Diálogo: How have PNH responsibilities shifted following MINUSTAH’s conclusion in Haiti in October 2017?

Commissioner Gédéon: PNH has always done their job despite the fact that we had MINUSTAH presence in Haiti. For example, we had recent elections without violence, and our force was responsible for the security. We had events like the Haitian Carnival that drew large crowds and we handled it successfully.

With the conclusion of MINUSTAH, PNH is more focused on the transfer of competences from MINUSTAH to our personnel in terms of managing staff and resources, so we can have tools and techniques to maintain security. We are in the process of choosing those MINUSTAH positions with expertise in areas like human resources, logistics, and intelligence so we can transfer and share their skills with our PNH. When it’s time for them to leave, the United Nations will be sure that our forces can do the job without additional support.

Diálogo: Is there a time-frame for this transfer to take place?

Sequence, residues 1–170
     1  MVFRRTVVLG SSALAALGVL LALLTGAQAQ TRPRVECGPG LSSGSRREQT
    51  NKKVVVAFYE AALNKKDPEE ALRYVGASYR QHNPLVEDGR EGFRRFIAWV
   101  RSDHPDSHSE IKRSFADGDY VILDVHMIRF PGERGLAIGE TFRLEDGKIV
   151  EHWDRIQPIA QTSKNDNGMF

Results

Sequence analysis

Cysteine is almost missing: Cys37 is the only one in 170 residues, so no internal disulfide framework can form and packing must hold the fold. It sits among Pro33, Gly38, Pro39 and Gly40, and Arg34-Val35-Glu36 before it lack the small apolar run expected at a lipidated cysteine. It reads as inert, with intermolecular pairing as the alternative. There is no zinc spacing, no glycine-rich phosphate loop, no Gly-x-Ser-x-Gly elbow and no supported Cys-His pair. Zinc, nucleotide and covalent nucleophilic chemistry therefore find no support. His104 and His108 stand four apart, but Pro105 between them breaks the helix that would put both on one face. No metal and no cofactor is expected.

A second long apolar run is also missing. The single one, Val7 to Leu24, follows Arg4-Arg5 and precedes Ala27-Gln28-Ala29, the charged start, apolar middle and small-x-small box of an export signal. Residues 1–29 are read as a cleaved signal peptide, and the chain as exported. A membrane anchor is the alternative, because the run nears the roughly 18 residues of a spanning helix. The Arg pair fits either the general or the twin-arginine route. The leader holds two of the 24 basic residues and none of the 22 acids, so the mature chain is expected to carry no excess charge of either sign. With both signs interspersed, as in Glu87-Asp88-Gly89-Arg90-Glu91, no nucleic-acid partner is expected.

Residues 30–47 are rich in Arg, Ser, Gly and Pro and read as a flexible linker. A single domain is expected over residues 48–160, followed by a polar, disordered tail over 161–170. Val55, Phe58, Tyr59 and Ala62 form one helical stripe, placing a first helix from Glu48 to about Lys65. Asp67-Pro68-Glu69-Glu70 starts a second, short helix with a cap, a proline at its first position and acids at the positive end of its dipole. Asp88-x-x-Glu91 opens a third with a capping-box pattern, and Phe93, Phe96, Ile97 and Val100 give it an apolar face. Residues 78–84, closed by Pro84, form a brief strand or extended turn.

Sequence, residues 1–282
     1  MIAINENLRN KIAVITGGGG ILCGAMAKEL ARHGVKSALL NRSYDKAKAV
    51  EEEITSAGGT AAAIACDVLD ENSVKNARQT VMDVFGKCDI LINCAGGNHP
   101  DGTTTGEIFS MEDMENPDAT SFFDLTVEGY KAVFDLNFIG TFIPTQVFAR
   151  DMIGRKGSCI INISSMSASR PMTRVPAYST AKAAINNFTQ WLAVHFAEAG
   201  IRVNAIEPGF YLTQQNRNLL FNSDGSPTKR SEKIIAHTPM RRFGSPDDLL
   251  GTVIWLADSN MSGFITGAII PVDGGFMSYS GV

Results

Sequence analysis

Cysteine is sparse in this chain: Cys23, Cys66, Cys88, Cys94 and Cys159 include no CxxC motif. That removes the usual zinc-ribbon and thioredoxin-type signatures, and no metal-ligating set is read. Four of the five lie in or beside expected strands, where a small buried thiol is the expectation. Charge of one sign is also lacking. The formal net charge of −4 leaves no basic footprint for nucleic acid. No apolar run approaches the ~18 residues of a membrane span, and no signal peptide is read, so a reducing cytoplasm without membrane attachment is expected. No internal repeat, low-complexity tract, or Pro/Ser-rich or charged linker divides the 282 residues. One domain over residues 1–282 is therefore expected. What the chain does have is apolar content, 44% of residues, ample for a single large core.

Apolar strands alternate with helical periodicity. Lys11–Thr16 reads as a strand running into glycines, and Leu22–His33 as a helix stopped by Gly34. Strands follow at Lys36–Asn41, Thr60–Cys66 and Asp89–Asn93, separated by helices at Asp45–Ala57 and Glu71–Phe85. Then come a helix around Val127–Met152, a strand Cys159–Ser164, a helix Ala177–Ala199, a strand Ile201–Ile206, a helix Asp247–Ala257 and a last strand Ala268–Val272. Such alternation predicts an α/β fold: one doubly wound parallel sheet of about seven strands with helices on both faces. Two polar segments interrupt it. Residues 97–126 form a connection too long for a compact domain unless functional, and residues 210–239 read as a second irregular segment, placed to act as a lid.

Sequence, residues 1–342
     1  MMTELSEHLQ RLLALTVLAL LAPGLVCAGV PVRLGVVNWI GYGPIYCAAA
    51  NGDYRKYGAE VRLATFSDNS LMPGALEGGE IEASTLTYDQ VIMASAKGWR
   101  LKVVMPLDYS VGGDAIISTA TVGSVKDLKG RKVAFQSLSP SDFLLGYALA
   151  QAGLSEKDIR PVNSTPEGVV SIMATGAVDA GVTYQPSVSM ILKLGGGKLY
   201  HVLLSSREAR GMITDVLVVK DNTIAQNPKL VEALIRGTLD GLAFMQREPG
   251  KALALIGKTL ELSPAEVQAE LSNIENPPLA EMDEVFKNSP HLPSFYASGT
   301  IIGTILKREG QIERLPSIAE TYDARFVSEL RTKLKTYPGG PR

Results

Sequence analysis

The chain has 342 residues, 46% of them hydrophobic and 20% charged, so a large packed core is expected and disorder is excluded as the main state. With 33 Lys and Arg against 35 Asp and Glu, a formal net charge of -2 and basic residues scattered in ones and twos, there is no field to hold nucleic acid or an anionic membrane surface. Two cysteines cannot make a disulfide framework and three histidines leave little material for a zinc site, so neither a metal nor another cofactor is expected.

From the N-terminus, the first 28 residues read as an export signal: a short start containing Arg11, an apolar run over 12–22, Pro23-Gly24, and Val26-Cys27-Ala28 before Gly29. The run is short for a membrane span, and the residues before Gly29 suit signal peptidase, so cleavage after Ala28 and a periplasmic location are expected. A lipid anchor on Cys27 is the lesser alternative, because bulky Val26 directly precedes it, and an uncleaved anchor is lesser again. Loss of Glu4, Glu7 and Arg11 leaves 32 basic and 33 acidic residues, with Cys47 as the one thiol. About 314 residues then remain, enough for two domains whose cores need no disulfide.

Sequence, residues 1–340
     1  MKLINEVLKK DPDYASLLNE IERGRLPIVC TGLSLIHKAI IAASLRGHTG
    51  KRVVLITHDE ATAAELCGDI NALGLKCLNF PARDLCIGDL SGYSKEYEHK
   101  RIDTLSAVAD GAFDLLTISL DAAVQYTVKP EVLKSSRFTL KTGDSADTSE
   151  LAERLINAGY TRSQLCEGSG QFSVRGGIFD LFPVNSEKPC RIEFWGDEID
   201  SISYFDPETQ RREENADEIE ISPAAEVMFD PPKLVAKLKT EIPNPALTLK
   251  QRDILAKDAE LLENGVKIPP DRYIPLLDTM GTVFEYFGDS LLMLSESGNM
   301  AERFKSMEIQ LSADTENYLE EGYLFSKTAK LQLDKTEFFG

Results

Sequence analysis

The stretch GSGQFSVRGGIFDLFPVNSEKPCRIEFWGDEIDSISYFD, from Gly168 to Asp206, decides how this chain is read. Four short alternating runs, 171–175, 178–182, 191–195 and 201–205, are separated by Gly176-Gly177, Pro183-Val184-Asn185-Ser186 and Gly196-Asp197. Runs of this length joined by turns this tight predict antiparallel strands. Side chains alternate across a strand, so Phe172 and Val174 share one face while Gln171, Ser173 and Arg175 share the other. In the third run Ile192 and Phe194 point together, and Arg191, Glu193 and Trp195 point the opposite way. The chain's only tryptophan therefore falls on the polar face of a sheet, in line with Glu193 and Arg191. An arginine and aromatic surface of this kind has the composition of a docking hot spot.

Commissioner Gédéon: Two years. We are looking at 2019.

Diálogo: Does PNH work with other military forces in the region to counter transnational threats?

Commissioner Gédéon: We’ve developed a good relationship with all of our partners in the region. We also have a good relationship with the FBI [Federal Bureau of Investigation] to combat drugs. We have initiatives to hold police or security meetings with our partners from Dominican Republic and Jamaica, and many of our officers are trained in countries like the United States, Chile, Ecuador, and Colombia. We’ve sent our people to receive training and they come back using their skills to help with all types of trafficking and crimes.